In Museums and American Intellectual Life, 1876-1926, Steven Conn posits that “museums were centrally important places in the intellectual landscape at the turn of the century, and they are rich sources for us to understand that moment.” (15) Conn begins his study in 1876, which he notes is a marker for the age of museum building, and ends in 1926, with Philadelphia’s failed sesquicentennial celebration. His work charts the growth and eventual downfall of object-based epistemology, the notion which guided museum builders in the late nineteenth century that assumes objects are sources of knowledge and meaning, and are able to tell stories to an untrained observer without accompanying text or context.
Conn charts the creation of natural history and anthropology museums. Both types of institutions were designed based on an object-based epistemology: objects and specimens were displayed in endless glass cases and were ordered in such a way that was demonstrative of a positivist, progressive view of human history. Darwinism and academic science eventually displaced natural history museums as the primary sites of natural history pedagogy, and, with Franz Boas’s influence, anthropology became an academic discipline. Conn details Wilson’s work in establishing the Philadelphia Commercial Museum, which also relied on an object-based epistemology and pushed for international trade and commerce. Henry Ford’s Greenfield Village and Museum and the Mercer Museum are comparatively analyzed, as both institutions were founded to house and display objects that paid homage to America’s past while linking the nation’s history to its present. Both Ford and Mercer believed that American history was the history of ordinary people, and that history could be told through objects. Conn then uses the Metropolitan Museum of Art and, to a greater extent, the Pennsylvania Museum and School of Industrial Design, as case studies in his examination of the creation of fine art institutions. The comparative framework that worked so well to compare and contrast the Mercer Museum with Greenfield Village and the Henry Ford Museum was not as successful in this later usage. The Pennsylvania Museum was initially concerned with showcasing industrial art, but by the 1920s it had re-orientated itself–partly due to the museum’s acceptance of the Wilstach Collection of over 300 European paintings, Widener’s influence, and the creation of new physical space–and had become a museum dedicated to displaying “high art.” Conn ends his study by examining the failure of the Sesquicentennial and Americans’ changing relationship with the past. By the 1920s, objects no longer held the same kind of explanatory power that they once had, and museums had to adapt and become places of entertainment and amusement rather than the primary sites of knowledge production and consumption.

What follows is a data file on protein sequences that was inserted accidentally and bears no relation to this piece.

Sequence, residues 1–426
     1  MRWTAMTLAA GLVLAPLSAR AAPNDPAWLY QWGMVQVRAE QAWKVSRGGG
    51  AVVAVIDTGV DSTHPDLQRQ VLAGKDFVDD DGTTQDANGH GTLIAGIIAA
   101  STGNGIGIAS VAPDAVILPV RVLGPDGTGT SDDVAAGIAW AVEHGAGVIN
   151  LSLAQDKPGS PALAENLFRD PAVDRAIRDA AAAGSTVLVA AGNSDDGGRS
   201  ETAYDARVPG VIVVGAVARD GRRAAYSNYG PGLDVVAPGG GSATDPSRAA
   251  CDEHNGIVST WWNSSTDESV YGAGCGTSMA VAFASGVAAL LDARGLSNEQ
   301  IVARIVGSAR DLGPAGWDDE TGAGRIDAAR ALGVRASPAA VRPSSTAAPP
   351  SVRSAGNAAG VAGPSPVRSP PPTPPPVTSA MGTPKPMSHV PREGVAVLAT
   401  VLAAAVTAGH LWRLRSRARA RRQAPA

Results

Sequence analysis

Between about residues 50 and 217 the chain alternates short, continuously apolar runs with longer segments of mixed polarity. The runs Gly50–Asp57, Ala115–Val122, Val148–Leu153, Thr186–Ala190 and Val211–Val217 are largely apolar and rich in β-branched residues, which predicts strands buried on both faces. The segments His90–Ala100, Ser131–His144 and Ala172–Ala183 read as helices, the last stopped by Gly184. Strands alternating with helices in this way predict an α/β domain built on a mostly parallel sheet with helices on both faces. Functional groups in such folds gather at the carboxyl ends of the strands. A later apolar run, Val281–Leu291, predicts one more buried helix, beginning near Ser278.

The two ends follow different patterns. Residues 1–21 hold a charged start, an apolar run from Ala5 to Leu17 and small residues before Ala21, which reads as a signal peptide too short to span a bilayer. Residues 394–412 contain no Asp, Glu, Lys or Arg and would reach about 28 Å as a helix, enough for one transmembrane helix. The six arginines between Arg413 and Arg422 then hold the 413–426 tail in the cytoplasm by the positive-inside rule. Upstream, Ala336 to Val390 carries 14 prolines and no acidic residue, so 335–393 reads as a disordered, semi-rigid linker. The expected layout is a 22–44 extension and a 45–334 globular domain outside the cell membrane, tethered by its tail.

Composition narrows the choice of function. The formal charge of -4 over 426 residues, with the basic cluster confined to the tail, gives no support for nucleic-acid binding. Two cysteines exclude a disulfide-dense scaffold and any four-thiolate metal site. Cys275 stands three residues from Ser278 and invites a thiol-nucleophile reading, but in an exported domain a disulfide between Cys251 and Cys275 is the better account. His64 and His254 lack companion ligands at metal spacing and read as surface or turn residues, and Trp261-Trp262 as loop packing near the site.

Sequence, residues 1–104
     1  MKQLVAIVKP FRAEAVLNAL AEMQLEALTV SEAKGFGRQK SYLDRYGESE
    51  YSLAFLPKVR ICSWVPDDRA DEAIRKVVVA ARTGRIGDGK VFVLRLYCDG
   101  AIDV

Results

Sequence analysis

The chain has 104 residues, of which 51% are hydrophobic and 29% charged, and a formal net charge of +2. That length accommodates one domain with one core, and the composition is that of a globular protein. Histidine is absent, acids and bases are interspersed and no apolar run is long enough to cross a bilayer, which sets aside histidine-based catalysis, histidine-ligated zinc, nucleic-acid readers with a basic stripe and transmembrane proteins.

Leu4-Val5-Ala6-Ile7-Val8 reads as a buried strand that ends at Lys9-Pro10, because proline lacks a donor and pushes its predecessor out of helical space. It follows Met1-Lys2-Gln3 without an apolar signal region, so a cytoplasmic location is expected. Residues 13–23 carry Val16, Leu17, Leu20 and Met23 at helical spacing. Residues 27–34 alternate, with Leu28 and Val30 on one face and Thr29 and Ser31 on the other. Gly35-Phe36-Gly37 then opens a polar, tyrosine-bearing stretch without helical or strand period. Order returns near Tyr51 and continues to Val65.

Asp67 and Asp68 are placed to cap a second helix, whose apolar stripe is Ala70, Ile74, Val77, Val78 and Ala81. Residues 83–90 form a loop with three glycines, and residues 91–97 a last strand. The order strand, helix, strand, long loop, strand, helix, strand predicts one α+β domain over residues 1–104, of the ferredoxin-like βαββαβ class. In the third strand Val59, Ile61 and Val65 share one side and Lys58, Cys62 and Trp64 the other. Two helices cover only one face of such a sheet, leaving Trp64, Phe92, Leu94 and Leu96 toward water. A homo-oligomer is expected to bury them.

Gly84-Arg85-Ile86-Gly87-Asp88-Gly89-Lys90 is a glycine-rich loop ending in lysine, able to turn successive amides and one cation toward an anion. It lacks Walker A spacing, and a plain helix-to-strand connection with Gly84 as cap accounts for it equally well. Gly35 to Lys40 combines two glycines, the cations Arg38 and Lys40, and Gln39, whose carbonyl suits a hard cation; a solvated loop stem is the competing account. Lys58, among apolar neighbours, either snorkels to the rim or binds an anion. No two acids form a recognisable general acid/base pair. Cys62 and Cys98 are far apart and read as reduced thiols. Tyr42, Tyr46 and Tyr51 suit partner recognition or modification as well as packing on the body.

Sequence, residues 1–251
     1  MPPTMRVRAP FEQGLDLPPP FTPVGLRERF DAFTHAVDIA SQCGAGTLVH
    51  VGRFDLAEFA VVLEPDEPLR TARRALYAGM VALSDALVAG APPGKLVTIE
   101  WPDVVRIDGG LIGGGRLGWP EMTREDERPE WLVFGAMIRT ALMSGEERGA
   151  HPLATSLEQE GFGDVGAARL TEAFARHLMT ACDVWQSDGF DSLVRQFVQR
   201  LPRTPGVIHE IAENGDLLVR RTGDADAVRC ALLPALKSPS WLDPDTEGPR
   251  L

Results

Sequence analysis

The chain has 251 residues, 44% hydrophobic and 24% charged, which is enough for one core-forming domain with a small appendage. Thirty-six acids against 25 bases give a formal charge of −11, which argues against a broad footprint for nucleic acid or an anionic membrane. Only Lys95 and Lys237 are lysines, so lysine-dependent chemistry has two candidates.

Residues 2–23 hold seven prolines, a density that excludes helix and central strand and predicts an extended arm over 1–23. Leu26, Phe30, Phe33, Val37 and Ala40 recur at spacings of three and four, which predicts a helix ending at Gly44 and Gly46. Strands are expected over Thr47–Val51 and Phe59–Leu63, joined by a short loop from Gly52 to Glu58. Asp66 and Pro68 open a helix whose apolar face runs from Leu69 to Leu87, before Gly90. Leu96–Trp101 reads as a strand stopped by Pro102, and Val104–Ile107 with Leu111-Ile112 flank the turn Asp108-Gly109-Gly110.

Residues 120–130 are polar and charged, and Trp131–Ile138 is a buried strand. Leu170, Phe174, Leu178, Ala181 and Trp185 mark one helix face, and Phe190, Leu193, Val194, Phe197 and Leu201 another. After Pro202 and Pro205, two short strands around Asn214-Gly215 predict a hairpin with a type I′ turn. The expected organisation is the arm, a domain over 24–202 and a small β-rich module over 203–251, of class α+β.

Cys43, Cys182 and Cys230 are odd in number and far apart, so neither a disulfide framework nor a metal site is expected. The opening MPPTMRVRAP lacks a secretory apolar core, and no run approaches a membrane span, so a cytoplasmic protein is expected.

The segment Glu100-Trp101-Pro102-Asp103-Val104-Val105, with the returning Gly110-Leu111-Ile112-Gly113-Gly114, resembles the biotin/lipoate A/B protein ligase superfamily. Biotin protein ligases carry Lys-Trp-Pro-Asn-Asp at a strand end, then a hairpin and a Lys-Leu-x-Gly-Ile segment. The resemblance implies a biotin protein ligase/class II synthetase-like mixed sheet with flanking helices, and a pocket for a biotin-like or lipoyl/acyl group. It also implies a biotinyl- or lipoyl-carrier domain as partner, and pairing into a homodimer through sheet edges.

Both of these texts demonstrate a certain kind of evolution occurring at an institutional level in museums. Lewis reveals how the CHS has adapted the methods of the new social history into its institutional practices, and how those in leadership positions have worked to decentralize their interpretive authority and to address and collaborate with a diverse audience. Conn demonstrates how the epistemological framework that museums operated from in the late nineteenth century was gradually replaced with a push toward the academy–or, in the case of art museums, toward “fine art” that was less accessible to the general public–and a reorientation of Americans’ relationship with the past.